by Minter Dial, author of “You Lead How You Make Yourself a Better Leader”
When I started my career, I can remember how exciting it was to get my first business card. Little by little, I was hoping for a chance to add “Manager” to my title. Within a few years I had the opportunity to lead a team of two people: a person younger than me and me. My first realization was that it took time to manage someone. It meant being available to explain and check things out. It was about feeling responsible. There is what you say and what you do and the gaps in between become noticeable. In the end, that meant that I had to learn how to deal with myself. It was an extremely valuable and lasting lesson: leadership starts with you.
Years later, working through the ranks at L’Oréal, where I worked for 16 years, one of the concepts I stuck to was that my role should be to make my boss look good. If my boss was shining and I could be linked to his success, that would affect me. This strategy didn’t always work, but the key for me was developing myself. When a boss wants to acknowledge successes or blame subordinates for failures, this is a choice. As in many cases, the key question is how you view yourself and the intentions behind your actions.
If some people think leadership is something that only happens when you reach the top, I disagree. I encourage you to look at each step of the way as an opportunity to develop your leadership skills. And the first step is with you. There are three reasons this is important.
First, real leaders know their way around.
I want to encourage defining a north star, a future vision of who you want to be. You understand deeply where your strengths and weaknesses lie. You know what triggers you negatively and positively. You become acutely self-conscious, which means you can identify your own emotions. It is impossible to manage how everyone perceives you. But great leaders have their eyes wide open in front of the mirror they are looking into. As you develop this confidence, you can better knowingly rely on your strengths. If you have weaknesses, you can either try to improve the skills you lack or choose teammates to complement or compensate for. You will also avoid being the kind of boss who has to solve their personal problems towards others. One of the most important lessons I’ve learned is to check in with my own emotions each morning. How do i feel And remember: it’s okay to be wrong.
Second, a strong leader knows what he stands for.
While what you believe in in the early days can be difficult to stand up for, it is important to lean on what is important to you. In a competitive environment where everyday life can be tough, I am deeply grateful that I have a North Star that has guided me and nurtured my energies. If you know what you stand for, you can use your discretionary energy to jump out of bed quickly despite the challenges. When you know what you stand for, your vision and words will become powerful, believable, and lasting. A leader needs to know how to bring others together with a vision. A vision based on solid and coherent personal values requires respect.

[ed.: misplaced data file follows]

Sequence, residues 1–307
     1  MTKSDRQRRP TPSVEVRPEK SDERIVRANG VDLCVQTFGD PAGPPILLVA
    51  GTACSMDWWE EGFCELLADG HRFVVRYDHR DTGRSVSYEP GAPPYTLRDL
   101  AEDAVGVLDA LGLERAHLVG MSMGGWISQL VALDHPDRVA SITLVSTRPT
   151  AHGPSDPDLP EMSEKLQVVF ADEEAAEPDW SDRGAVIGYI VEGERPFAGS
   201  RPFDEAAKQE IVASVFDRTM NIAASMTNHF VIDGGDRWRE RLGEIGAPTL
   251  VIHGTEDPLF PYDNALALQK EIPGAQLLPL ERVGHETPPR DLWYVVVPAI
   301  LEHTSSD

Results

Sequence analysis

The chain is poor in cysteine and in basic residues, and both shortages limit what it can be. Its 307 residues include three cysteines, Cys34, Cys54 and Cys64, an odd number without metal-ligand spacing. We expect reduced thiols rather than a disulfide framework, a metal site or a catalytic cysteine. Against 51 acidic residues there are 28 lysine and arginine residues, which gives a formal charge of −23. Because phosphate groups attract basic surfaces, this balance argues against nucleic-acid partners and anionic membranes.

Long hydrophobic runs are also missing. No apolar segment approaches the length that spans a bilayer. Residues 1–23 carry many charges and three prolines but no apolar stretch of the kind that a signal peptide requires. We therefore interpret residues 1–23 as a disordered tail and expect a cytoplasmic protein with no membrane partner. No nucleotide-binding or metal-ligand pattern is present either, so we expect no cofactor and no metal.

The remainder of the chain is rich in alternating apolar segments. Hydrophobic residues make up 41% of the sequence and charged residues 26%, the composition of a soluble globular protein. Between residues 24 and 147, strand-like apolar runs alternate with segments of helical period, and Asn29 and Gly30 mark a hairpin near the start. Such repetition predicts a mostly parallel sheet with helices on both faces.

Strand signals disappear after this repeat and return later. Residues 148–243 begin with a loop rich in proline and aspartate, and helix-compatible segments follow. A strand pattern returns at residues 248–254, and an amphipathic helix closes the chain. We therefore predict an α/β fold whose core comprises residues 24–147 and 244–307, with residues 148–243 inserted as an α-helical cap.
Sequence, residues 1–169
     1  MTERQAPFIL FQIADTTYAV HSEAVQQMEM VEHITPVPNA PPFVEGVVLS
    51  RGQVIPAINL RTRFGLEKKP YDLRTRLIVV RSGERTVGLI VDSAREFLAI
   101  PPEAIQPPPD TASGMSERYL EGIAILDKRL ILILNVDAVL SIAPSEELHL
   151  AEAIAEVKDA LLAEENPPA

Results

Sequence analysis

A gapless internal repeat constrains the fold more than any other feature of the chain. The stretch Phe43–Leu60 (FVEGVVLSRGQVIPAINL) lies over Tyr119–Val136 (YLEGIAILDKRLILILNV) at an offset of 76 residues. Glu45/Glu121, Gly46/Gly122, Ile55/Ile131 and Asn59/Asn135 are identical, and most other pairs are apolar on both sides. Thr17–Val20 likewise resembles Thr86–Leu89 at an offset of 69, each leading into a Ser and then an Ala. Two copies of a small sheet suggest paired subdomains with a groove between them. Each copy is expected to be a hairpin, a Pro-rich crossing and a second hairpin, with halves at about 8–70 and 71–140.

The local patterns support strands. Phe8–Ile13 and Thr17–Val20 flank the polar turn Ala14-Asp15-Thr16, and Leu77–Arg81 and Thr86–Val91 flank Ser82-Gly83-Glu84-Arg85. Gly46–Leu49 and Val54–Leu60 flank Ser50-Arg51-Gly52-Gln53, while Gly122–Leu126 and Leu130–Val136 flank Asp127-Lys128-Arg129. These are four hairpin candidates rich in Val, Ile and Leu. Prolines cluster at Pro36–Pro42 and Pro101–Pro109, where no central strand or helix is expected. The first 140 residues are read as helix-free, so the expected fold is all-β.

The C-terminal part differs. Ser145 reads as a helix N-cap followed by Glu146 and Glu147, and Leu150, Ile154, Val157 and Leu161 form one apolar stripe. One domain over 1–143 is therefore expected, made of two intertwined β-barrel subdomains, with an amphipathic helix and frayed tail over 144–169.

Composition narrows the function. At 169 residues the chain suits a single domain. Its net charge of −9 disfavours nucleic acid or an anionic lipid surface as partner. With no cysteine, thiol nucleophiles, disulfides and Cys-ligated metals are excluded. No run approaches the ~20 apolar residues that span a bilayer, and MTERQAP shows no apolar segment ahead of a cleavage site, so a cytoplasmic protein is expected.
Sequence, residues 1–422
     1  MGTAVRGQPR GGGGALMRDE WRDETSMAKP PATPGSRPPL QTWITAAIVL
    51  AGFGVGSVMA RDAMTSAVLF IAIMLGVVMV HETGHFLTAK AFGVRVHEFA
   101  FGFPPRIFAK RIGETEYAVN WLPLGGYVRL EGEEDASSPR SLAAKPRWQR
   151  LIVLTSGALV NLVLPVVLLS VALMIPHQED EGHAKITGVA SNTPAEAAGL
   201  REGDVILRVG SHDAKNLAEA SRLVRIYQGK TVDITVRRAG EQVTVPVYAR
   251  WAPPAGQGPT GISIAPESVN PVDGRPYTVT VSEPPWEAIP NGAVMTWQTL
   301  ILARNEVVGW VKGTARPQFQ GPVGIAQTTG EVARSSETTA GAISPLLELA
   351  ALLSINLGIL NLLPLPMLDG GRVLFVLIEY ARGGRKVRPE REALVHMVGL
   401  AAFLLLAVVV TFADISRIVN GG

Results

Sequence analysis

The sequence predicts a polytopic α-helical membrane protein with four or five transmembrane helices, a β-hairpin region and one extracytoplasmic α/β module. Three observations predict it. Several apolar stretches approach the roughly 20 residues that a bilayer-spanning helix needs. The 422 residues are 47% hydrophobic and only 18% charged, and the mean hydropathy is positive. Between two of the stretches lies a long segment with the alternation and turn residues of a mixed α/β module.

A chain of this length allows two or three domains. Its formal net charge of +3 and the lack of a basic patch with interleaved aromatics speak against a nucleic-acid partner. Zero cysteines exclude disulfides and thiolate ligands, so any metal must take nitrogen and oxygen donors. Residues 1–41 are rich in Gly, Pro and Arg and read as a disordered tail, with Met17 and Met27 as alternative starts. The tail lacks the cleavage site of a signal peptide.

Third, you know where your limits are.
When you know yourself properly, you will gain some confidence and be more able to hold yourself accountable. They are also less prone to posture or have gaps between what you say and what you do. As a leader, trust is the most important quality that needs to be developed, especially when the work is far away. It is essential that you can trust yourself. But as Robin Sharma puts it, if your video matches your audio, you will gain more confidence. They show up in a way that is reliable. When you make a promise, you have to believe it yourself. Your word must be worthy. But your actions must then follow.
With 30 years of experience I have learned to live with the fact that I can never be sure. The classic saying: the more you know, the more you don’t know. To begin with, you never really know each other perfectly. If you think you know yourself completely, check again. Getting to know yourself is an ever-evolving journey as we are complex beings. In addition, the path to self-discovery is fraught with our imperfections. In order to be a great leader, you need to recognize and embrace these mistakes, otherwise they can come back in different and uncontrolled ways. The more humility you carry with you, the more likely you will stay curious and young. Curiosity is one of the defining characteristics of a child who always asks why? If you remain voraciously curious, realizing that you may not know everything, you will remain in an always-learning mode. In addition, you will tend to seek and appreciate the help of others. You are never stronger than the sum of your network. A great leader surrounds himself with great people and knows how to develop great future leaders.
The central theses:
- Create your own personal and precise North Star setting. Make sure you invest the time to think about who you are and who you want to be.
- Make a list of the topics that are important to you and reduce that list to the top one or two. Then determine why these elements are important to you personally.
- Gain confidence by holding yourself accountable.
Minter Dial is an international professional speaker, elevator, and multi-award winning writer who specializes in leadership, branding, and transformation. As an agent of change, he is a three-time entrepreneur who has worked twelve different trades and has moved fifteen times. He is the author of The Last Ring Home, as well as three business books, Futureproof, Heartificial Empathy, and its latest, You Lead, How To Make Yourself a Better Guide (Kogan Page), published January 2021.